I would like to present thousands of virtualized tables as a collection of multiple schemas.
The underlying data exists in one schema. The Virtual Schema adapter can be bound to multiple virtual schemas all pointing to the same LOCAL exasol.
1. In this scenario, how does a query executed across multiple Virtual Schemas actually perform? Is SQL pushed down?
SELECT VS1.TABLE1.FOO, VS2.TABLE1.BAR
FROM VS1.TABLE1, VS1.TABLE2
2. Can a single Virtual Schema present multiple schemas or databases or catalogs to the client driver? I'm assuming that aliasing the adapter multiple times with a schema parameter is preferred...
Many thanks for your engagement, and experience.
Sub-selects (on the same table) are quite common, I believe Tableau generates them automatically for LOD calculations. Can you tell me more about what kinds of queries that cannot be pushed down? How much of this is configurable or avoidable?
> if the user runs a complex query that the virtual schema framework doesn't support (e.g. sub-selects) it can easily end up running full table scans of the underlying tables which has terrible performance.
The best way to find out how the virtual schema handles different queries is to run
EXPLAIN VIRTUAL SELECT...query-referencing-virtual-schema.
The output will show what will get pushed down. It's a bit hard to generalize what can be pushed down or not so I encourage you to play around with EXPLAIN VIRTUAL for the particular queries you need to run.
The most common issue we ran into was the fact that if you join a virtual schema with a non-virtual-schema with the criteria specified against the non-virtual-schema it will often attempt to materialize the entire virtual schema portion and then create an index for it on the fly before joining against the non-virtual-schema portion.
There's not much you can do to work around this unless you can somehow have the criteria be applied to the virtual schema portion. Alternatively if you can "expand" your virtual schema to encompass both schemas it will resolve this particular issue however this is requires extending the default virtual schema adapter (or writing your own.)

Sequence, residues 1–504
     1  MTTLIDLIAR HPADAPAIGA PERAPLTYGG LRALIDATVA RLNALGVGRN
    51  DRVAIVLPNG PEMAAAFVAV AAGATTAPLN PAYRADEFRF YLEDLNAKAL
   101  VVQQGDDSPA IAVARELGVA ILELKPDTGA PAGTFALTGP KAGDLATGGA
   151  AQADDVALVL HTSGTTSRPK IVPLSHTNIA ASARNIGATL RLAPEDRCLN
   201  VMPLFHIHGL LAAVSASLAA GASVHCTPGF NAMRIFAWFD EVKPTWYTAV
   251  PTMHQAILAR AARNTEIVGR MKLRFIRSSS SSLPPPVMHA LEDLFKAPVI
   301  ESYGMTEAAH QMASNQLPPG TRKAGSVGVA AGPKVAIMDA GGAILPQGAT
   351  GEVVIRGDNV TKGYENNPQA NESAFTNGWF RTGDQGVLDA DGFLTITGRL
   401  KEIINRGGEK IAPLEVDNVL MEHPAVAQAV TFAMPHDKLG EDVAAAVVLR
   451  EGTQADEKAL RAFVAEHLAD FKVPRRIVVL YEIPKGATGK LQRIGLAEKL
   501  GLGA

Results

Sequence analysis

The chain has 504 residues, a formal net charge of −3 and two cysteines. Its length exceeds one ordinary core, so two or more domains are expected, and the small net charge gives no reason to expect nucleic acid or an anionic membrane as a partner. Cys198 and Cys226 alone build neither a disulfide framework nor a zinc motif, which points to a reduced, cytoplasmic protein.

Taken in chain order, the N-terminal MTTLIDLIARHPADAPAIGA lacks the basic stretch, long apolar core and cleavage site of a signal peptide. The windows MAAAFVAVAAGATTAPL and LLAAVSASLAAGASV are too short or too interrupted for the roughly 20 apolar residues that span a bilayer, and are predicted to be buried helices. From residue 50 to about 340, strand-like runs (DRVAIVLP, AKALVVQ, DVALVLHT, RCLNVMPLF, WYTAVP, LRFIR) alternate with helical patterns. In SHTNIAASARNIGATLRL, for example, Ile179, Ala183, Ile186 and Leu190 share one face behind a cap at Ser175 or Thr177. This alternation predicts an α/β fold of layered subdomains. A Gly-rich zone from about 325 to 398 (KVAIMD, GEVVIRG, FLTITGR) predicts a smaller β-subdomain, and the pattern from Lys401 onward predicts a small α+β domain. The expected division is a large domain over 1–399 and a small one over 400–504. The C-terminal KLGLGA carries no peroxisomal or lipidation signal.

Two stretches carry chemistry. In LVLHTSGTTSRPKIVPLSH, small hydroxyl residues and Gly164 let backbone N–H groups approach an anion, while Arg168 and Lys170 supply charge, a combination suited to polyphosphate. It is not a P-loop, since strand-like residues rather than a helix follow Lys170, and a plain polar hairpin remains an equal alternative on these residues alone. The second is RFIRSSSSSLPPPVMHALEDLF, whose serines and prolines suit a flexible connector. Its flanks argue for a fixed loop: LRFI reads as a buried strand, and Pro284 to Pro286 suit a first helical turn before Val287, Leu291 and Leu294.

Hope that helps,
Hi @drumcircle ,
1) We use virtual schemas a little bit and found that joining a virtual schema table to any other schema (virtual or otherwise) can very often lead to poor performance. This is because, depending on the query criteria, it will often result in full table scans of many or all of the virtual tables. If the optimizer plan decides to apply the criteria against the other schema first then when it comes to the point of joining against the virtual schema table it will try to materialize the entire table so that it can create a join index.
2) Yes a single virtual schema can present multiple schemas but you'll have to write your own adapter (or extend the default one from Exasol's github site). The adapter will also have to handle table-name collisions in case the schemas have tables with the same name.
This is probably not your use-case but, as an example, we have found it quite useful to have a virtual schema that presents a UNIONed schema of multiple multi-tenant schemas. That way privileged users can see all tenant's data in a single schema (with tenant name column automatically added by the adapter). This works fairly well but even in this case we have to be careful because if the user runs a complex query that the virtual schema framework doesn't support (e.g. sub-selects) it can easily end up running full table scans of the underlying tables which has terrible performance.
@drumcircle what happens when you run an EXPLAIN VIRTUAL command? This command will show you exactly what is pushed down and which queries are generated. Just try a
EXPLAIN VIRTUAL SELECT VS1.TABLE1.FOO, VS2.TABLE1.BAR FROM VS1.TABLE1, VS1.TABLE2 WHERE VS1.TABLE1.KEY=VS.TABLE2.KEY
(using your dummy tables).
A virtual schema can only be mapped to one schema/catalog/database. If you want to reference many schemas, you would need multiple virtual schemas. Or you could try to create a virtual schema adapter on your own which handles that (but I'm not sure how easy or difficult that would be tbh)